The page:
In Focus: the Caribbean

Maintaining biological diversity in the Caribbean – on land and at sea

The natural riches of the Caribbean are unique. The United Nations calls the countries in this region a "biodiversity superpower". However, that biodiversity is in danger because all too often not enough attention is being paid to preserving it. Furthermore, the islands of the Caribbean, situated just on the edge of the storm-swept Atlantic Ocean, are particularly affected by the impacts of climate change.

An ambitious project that the German government is supporting is seeking to protect the continued existence of this diverse ecosystem.

A region under threat

Extreme weather events are literally eating away the coastlines of the many, often small, islands. Storms and floods destroy not only roads and houses but also agricultural land. Furthermore, since 1980, one third of the coral reefs which are located off the coasts of these islands, forming an important natural barrier against incoming waves and storm surges, have disappeared.

Income from the water

One of the traditional main lines of business on the islands, namely fishing, is affected by the destruction of the reefs. They are one of the world's most biodiverse habitats. However, overfishing and untreated wastewater are threatening this unique underwater world, which is an important source of livelihood for many of the people who live there, and which attracts tourists from all over the world. An intact natural environment is one of the most important attractions that the Caribbean has to offer and provides many people with work and the means to survive.

Acting holistically

In the Caribbean the land and the ocean are one unit. The project Caribbean Aqua-Terrestrial Solutions (CATS) therefore has the aim of protecting the natural environment as a whole. The ridge-to-reef concept – from the rainforests in the mountains to the coral reefs in the sea – takes into account the impact of sustainable agriculture and sustainable forest use, including water supply and wastewater management, on the ecosystems on land and in the ocean.

Protecting biodiversity together

Supported by the German government, the governments of eight Caribbean countries are working with representatives from local businesses and civil society on this programme. Joint action to protect biological diversity is urgently needed, but is not easy to achieve. This is because the Caribbean countries are spread across almost three million square kilometres, which is eight times the area covered by Germany. There are about 40 million people living here on more than 7,000 islands, with very different traditions, administrative structures and economic interests.

Sea and land belong together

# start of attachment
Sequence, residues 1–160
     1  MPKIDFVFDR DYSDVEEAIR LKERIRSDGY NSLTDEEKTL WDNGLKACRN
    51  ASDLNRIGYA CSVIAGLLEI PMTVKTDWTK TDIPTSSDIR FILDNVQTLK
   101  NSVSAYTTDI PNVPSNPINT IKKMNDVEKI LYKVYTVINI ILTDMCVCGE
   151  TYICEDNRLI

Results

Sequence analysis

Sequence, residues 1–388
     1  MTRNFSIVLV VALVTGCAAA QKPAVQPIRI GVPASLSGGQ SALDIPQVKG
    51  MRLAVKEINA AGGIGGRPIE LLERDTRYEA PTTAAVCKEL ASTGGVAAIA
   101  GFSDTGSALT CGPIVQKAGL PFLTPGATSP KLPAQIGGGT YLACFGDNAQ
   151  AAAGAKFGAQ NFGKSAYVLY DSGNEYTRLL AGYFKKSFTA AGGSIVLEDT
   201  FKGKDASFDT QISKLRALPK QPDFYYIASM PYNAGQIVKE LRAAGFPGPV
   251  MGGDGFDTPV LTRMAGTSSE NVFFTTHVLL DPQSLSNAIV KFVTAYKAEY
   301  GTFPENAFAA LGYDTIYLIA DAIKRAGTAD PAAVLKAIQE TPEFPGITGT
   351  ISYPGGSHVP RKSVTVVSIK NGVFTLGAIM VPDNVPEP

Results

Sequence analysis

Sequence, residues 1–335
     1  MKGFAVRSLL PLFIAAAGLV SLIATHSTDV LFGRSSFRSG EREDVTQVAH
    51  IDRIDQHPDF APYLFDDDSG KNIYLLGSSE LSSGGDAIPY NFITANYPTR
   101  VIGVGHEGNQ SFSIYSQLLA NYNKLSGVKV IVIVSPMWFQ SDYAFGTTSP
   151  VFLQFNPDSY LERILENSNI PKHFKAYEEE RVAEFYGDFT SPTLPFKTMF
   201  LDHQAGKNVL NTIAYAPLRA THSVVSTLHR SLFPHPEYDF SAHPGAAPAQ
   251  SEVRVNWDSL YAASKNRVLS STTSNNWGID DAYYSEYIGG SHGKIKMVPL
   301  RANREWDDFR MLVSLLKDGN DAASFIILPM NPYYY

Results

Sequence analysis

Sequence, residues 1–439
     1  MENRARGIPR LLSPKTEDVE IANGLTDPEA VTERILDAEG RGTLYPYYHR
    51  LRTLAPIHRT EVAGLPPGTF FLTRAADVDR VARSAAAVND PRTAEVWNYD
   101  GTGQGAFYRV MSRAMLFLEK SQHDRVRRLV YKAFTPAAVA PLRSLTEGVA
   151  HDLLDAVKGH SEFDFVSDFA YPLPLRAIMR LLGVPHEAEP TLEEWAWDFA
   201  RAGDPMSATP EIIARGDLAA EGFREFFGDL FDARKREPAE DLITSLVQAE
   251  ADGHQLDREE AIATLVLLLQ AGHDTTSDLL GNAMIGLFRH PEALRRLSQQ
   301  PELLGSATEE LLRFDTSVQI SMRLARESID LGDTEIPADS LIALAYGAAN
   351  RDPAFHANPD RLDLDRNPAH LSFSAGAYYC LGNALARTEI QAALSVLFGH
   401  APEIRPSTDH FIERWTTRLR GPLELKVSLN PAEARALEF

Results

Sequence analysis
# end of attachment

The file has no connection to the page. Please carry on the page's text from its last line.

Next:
Traditionally, the most important economic activity in the Caribbean was agriculture, which is now in second place after the tourism industry and is therefore still of key importance for the people in the region. Agroforestry plays a key role for biological diversity as well. The plants and trees that are grown protect against soil erosion, but agroforestry is responsible for harmful fertilisers flowing via streams and rivers into offshore coastal zones and marine protected areas. That is why the German government is also supporting the area in switching over to sustainable agricultural practices, including water-saving irrigation methods and measures for enhanced water quality.

Marine reserves

As part of the programme, marine protected areas are also being set up in collaboration with local inhabitants and the authorities. In the island state of Saint Lucia a community-based pilot project to protect leatherback turtles that lay their eggs along the Atlantic coast began in 2014. In addition to biodiversity protection the project gives the local people new prospects: whereas before they may have lived by poaching, now they are trained gamekeepers dedicated to protecting the turtles.

These efforts have been crowned with success: poaching has decreased significantly, the protected areas attract environmental tourists and new sources of income have opened up for the local people in hotels, catering, transport and agriculture, because the visitors also create demand for such services.

Understanding and appreciating diversity

In order for the programme to continue to be successful, the younger generation is also being included: schools are integrating the topic of sustainability into their teaching plans. In "summer camps" pupils learn all about the marine protected areas. One way that this is done is through swimming and snorkelling lessons at the coral reef. These activities are fun – and they teach children about the treasures of nature on their own doorstep.